The sudden death of a sibling is a horrific experience for a family and requires long-term psychological adaptation for the surviving siblings and their parents. A sudden death leaves the survivor sibling feeling out of control, and possibly feeling a great deal of anger which may need to be released. This anger is often expressed through high-risk behaviours in order to block out thoughts and feelings associated with the sibling’s death.
Unfortunately, with this kind of loss, there is no time to say “goodbye,” or to prepare oneself. Therefore, it may take considerably longer to recover. With no opportunity for anticipatory grieving, or the necessary role adjustments required by the family, the unexpected death of a sibling is overwhelming. A study by Stikkelbroek, Bodden, Reitz & Vollebergh, Van Baar, (2016), found that families who had time to prepare for the loss experienced fewer feelings of hostility, tension, and stress, avoiding the strong sense of powerlessness involved when there’s a sudden death.
Open communication in the family is crucial in the aftermath of a sibling’s death. Unfortunately, in families where children are not allowed to frankly express their feelings or talk about the deceased, they often feel overlooked and consequently alone in their grief. The presence of open communication within the family serves not only to memorialise the deceased, but also provides a supportive environment for the remaining siblings. Conversely, in cases where the bereaved adolescent lacks the opportunity to talk about the death, and where family support is limited, it often takes years for the surviving sibling to work through the grief.
Some useful tips on how to cope:
- Share your grief with other family members. The entire family is grieving the loss. But remember that everyone is unique and thus everyone grieves in his/her own way. Talk about your grief with family members and friends you trust.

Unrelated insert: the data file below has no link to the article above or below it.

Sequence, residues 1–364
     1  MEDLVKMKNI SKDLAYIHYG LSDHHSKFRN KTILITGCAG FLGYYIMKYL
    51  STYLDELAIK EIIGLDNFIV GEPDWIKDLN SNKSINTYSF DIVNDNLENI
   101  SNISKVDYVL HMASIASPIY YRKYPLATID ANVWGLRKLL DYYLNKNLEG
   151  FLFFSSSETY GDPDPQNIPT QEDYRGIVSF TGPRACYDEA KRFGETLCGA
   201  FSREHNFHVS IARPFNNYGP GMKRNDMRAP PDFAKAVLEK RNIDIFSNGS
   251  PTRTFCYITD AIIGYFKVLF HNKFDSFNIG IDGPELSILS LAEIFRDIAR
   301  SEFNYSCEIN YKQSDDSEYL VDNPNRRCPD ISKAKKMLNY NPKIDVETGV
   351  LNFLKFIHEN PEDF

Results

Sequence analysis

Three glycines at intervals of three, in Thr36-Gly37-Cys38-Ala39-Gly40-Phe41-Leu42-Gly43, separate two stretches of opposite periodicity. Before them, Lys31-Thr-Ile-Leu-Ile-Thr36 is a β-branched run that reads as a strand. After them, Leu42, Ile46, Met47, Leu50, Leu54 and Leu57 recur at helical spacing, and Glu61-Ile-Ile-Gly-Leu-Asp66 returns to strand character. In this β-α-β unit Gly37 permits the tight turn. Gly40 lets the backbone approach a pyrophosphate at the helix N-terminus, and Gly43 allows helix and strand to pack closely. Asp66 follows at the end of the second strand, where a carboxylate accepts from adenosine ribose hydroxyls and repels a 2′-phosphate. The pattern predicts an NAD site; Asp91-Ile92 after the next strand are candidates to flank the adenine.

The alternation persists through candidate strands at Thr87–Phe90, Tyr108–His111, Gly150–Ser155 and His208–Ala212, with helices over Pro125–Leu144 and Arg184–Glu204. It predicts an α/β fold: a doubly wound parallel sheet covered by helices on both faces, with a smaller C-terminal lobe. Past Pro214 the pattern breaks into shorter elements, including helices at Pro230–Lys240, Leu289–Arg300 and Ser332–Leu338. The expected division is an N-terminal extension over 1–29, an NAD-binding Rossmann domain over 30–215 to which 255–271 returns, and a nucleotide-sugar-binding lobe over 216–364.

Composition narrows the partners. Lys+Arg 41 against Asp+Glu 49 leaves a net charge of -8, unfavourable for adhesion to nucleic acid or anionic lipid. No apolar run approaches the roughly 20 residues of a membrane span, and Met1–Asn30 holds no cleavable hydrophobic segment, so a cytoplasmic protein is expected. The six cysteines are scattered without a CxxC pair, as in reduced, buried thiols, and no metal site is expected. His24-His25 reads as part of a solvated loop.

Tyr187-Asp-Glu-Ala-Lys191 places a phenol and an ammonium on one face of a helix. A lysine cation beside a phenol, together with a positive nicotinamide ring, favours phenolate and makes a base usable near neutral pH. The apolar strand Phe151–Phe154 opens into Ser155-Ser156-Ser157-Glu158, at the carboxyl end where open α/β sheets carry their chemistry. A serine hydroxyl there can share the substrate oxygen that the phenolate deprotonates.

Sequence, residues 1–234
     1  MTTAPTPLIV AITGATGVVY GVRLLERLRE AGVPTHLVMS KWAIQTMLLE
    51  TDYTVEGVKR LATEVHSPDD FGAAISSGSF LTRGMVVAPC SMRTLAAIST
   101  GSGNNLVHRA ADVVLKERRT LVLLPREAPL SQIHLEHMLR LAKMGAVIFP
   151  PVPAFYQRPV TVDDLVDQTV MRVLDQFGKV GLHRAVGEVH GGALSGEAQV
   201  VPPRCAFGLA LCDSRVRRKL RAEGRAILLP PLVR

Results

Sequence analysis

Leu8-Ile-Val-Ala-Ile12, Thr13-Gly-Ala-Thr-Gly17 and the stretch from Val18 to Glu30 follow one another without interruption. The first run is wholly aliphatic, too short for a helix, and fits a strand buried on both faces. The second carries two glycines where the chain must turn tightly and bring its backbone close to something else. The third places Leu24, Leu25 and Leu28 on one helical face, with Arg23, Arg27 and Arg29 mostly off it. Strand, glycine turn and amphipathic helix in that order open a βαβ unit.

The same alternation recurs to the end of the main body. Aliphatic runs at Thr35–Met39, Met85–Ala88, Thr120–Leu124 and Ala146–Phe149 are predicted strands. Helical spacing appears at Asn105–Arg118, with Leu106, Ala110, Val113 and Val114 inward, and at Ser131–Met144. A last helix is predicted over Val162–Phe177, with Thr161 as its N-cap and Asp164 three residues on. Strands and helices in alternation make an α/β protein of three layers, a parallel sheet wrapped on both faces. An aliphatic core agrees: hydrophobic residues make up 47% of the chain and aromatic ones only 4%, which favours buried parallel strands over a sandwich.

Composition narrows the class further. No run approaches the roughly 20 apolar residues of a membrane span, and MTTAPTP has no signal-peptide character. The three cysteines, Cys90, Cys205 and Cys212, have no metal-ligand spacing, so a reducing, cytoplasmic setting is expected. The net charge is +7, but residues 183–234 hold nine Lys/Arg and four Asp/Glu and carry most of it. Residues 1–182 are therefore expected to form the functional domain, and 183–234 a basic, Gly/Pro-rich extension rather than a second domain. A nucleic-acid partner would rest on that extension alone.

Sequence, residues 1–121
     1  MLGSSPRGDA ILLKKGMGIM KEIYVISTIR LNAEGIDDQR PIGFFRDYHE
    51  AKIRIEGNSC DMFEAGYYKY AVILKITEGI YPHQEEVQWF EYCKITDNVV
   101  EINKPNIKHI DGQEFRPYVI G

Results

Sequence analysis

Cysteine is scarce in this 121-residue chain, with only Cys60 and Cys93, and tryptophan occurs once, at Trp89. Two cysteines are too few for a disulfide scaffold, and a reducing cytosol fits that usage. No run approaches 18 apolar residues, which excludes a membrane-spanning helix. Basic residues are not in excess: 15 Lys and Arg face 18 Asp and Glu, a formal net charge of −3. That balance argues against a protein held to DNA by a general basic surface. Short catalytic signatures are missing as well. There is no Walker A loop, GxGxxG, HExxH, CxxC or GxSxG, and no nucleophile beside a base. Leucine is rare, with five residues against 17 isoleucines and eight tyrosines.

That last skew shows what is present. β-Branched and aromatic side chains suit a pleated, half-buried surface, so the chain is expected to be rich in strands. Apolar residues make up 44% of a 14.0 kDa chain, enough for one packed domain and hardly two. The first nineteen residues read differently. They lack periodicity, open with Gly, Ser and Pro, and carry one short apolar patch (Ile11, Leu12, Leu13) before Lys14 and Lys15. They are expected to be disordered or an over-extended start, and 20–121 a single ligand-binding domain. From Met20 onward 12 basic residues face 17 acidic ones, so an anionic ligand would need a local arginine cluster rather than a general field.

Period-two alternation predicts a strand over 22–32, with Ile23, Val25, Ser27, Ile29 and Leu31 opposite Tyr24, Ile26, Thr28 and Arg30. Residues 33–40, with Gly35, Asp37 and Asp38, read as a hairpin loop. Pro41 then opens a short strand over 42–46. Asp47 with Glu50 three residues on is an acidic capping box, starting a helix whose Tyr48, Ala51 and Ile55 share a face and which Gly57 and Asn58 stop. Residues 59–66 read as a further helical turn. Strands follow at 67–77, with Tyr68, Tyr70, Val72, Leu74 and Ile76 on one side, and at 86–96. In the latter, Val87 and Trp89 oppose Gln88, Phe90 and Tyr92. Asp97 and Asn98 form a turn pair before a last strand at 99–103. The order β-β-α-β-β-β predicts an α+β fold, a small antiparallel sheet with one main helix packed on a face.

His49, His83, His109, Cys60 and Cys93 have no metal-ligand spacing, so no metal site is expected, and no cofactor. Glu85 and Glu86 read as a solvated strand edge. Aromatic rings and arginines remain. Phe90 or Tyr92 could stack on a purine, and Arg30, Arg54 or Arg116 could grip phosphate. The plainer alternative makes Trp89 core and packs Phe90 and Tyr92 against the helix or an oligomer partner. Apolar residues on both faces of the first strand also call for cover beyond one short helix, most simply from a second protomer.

- Find support outside your family. Sometimes it is difficult to talk to your family as they are processing their own grief too. Consider seeking support from other persons that are outside your family. There are support groups in Malta as well as psychotherapists that can help you deal with your own grief.
- Forgive yourself. Siblings argue, challenge and also compete against one another. Forgive yourself for not having a close relationship with your sibling since it does not mean that you didn’t love him/her.
- Take care of your mental health. If you are feeling symptoms of depression and hopelessness, seek professional support.
- Find ways to remember your sibling. There are many beautiful ways how to remember your sibling. Finding ways to keep his memory alive (for example: family memory book with pictures, writing stories, watching family videos or meeting family members and speaking about the memories you had together). By maintaining that connection, it can help you deal with the loss.
- Horsley, H & Patterson, T. (2006). The Effects of a Parent Guidance Intervention on Communication among Adolescents Who Have Experienced the Sudden Death of a Sibling. The American Journal of Family Therapy, 34:119–137.
- Stikkelbroek, Y., Bodden, D.H.M., Reitz, E., & Vollebergh, W.A.M., Van Baar, A.M. (2016). Mental health of adolescents before and after the death of a parent or sibling. Eur Child Adolescent Psychiatry 25:49–59